Copyright © 2022 Albuquerque Journal
They were the first Starbucks to approach unionizing efforts in New Mexico and now they are the first to vote yes.
Organizers of the Starbucks on Rio Grande and Interstate 40, one of the busiest locations in the city, announced Thursday that their location voted in favor of unionization on a 10-7 vote. Now, employees of the store will wait for the vote to be certified by the National Labor Relations Board in the next couple of weeks.
“I don’t think it’s still hit me yet,” said Jacob Sherwood, an employee of the Rio Grande Starbucks and a main union organizer. “But all the hard work and dedication I put into this, and especially for my other coworkers (that were) part of this, it’s just like a breath of fresh air.”
Meanwhile, a store in Santa Fe that previously petitioned to unionize has withdrawn that request.
Once the union vote is certified for the Rio Grande location, Sherwood said store workers will begin the bargaining process with Starbucks Corp. in an effort to improve employee benefits.
Sherwood said his store will ask for the same non-economic requests of Starbucks Workers United, the larger organizing group, such as shoe vouchers for employees every six months “so you don’t have to pay out of pocket” for work shoes. Starbucks Workers United is also asking for disaster pay and a zero-tolerance policy on sexual harassment.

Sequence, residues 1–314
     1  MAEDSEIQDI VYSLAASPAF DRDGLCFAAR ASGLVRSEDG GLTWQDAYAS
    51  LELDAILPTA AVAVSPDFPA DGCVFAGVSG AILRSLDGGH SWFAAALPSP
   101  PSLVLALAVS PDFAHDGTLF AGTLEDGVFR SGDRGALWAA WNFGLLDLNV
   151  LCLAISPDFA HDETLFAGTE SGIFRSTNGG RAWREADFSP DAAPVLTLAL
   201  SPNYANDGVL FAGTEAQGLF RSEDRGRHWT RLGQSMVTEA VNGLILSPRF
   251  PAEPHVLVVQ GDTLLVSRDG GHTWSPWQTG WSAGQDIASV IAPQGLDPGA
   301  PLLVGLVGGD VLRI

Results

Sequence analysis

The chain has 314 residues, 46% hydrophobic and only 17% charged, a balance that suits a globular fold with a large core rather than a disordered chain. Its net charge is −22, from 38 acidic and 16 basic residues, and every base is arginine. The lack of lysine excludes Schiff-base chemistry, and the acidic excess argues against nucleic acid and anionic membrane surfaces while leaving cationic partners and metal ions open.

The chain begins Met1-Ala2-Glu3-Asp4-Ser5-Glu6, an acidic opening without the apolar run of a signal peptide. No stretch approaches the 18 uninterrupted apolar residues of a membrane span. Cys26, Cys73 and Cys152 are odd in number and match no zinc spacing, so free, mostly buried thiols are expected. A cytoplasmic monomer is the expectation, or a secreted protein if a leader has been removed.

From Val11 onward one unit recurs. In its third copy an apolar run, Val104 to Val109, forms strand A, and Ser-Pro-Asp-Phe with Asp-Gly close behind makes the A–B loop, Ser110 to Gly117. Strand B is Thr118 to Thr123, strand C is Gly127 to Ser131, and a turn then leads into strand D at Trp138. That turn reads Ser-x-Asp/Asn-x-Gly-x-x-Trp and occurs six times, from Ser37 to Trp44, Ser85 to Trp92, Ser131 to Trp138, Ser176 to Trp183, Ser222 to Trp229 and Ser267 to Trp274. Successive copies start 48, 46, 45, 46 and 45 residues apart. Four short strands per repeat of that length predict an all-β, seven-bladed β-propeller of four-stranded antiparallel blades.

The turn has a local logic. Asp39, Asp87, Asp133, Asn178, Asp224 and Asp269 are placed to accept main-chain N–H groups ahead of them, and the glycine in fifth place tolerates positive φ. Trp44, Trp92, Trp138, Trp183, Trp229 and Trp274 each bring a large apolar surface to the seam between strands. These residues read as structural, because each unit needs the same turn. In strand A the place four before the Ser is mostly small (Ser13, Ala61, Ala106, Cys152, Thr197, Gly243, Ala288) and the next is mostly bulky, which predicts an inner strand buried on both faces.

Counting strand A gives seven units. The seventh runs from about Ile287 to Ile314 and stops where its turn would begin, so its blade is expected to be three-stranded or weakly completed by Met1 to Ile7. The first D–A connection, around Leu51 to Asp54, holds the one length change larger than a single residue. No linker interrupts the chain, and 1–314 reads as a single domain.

“As we’ve said throughout, we will respect the NLRB’s process and bargain in good faith with the stores that chose to be represented by Workers United,” a Starbucks Corp. spokesperson said Thursday. “We hope the union does the same.”
The vote to unionize comes nearly three months after workers from Starbucks on Rio Grande and Interstate 40 signed a petition to unionize.
At the time, Sherwood, 22, said employees — more than 30 at the time — felt overwhelmed due to being understaffed. The Starbucks location has since lost nine employees, Sherwood said, and workers at the location are still frustrated.
Starbucks began offering employees $15 an hour this August — something Sherwood said was too little, too late.
“Oh definitely, it’s a high turnover store,” Sherwood said. “Most of the time, people get hired, do the two weeks of training, then never come back. It doesn’t help that Starbucks wages are on par with other local coffee shops and lack any sort of competitiveness.”
Starbucks Workers United says more than 240 stores have unionized across the country. At least one other New Mexico store in Santa Fe filed a petition to unionize in August but has since withdrawn its request, said Fernando Hernandez, a union organizer with Workers United Western States Regional Joint Board.
Workers United represented both New Mexico stores that planned to unionize.
Naomi Martinez, a volunteer organizer for the Starbucks Workers United’s southwestern region, said the union vote for the Albuquerque store was a win for its employees. She added that the victory can lead to more stores showing interest in unionization in the future.
It is possible, however, that Starbucks Corp. or another involved party can object to the vote, effectively delaying the certification process. But Martinez said she sees no reason for Starbucks to do that.
Starbucks Corp. this week said it wants to begin contract negotiations with the hundreds of stores across the country that voted to unionize.
Martinez and other organizers have shown concern about the timing of Starbucks Corp.’s announcement, which came just a month after the company asked NLRB to temporarily halt all elections.
“This win, along with the non-economic proposals, will hopefully push a new wave in this region,” Martinez said. “This proves to workers that they can do this.”